In a short period of time, Job loses basically everything: his livestock is raided and struck down by lightning (taken away by people and, seemingly, by God), and  desert winds blows down a house and kills all of his children.

Still, Job keeps his faith in God: "Then Job arose, tore his robe, shaved his head, and fell on the ground and worshiped" (Job 1:20). Then, Job is afflicted with painful sores all over his body. His wife tells him to curse God, but Job did not sin with his lips.

At this point, his 3 friends show up, supposedly to comfort him, but end up having a theological debate over why Job has suffered. They claim Job is being punished for sin, but Job maintains his innocence. Like us, Job asks, "Why me?"

A fourth visitor, named Elihu, suggests that God may be trying to purify Job through suffering. While Elihu's counsel is more comforting than that of the other men, Job's question "Why me?" still is up in the air.

God then appears to Job in a storm. In this storm, God is revealed to Job in all of God's majesty and power. This humbled and  overwhelmed Job, and he acknowledges God's mysterious ways.

God ends up rebuking Job's three friends and tells them to make a sacrifice to atone for their witness to Job. Job prays to God to forgiven them and God accepts his prayer. At the end of the book, God gives Job twice as much wealth as he had before, along with seven sons and three daughters.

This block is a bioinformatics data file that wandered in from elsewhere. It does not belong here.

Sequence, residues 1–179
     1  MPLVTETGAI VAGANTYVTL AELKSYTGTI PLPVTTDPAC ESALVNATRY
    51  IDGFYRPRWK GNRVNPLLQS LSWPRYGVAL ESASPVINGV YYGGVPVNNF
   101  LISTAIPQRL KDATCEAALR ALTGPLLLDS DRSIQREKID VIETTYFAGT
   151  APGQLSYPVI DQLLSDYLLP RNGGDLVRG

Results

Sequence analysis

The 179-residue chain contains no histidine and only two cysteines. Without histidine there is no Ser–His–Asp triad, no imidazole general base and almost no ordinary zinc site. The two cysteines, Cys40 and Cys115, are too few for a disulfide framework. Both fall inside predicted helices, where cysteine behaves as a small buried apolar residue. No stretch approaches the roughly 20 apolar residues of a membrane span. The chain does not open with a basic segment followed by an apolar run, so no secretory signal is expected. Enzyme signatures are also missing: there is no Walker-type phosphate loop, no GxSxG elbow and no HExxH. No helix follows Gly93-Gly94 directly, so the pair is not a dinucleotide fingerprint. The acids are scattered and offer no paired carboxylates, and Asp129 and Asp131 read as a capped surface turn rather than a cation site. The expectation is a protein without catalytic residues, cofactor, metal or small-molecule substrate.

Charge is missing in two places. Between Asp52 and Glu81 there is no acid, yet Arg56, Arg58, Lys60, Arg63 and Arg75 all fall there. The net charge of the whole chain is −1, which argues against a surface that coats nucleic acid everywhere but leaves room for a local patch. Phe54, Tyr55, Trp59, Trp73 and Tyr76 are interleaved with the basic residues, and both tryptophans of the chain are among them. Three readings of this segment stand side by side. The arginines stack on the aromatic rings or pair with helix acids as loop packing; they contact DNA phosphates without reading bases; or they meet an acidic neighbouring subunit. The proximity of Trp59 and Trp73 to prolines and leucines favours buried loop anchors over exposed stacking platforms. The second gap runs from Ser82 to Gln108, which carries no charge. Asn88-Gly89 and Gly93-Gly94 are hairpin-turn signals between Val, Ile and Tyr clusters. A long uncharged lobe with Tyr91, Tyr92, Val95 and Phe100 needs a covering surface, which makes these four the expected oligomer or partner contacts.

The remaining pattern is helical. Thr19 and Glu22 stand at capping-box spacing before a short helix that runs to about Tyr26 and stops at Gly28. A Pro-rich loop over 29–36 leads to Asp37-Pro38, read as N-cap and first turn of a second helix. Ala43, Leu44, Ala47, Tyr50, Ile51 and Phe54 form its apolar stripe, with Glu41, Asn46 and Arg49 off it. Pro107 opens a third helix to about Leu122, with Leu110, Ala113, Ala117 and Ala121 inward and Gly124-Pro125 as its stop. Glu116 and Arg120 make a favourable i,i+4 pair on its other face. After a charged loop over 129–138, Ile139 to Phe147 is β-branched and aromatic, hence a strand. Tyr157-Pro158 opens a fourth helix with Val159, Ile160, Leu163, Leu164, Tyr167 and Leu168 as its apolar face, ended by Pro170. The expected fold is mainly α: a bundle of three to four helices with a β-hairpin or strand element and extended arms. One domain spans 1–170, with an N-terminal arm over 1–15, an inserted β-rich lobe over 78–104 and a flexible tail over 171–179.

The way the story ends, sadly, is not the way every story of pain, suffering, and doubt ends. Job receives more than he ever had in the first place, but the reality is that his story ends in a unique way.

To be human means that we will suffer, we will have pain, and sometimes people will say that it is our fault. Maybe it is, maybe it isn't. To God, that isn't the point. God showed up to Job in a storm, in the catastrophes of his life. His story is a witness to all of us that even though there is pain and suffering, there is also the very presence of God in our lives. This does not make those things go away, but it gives us hope in a God that will never leave us. Praise God!

Tuesday, August 11, 2015

8/16/15---It's Relational: Ruth

Ruth's story, as recorded in the Old Testament, is a fascinating one. One of the reasons it's one of my favorite stories is that it only takes about 30 minutes to read, even at a leisurely pace such as mine! What impresses me about the book of Ruth is just how much, in 4 short chapters, is packed into this story. Her story has a poignant relevancy for our lives, too. 

John Piper has the following observation about the book of Ruth: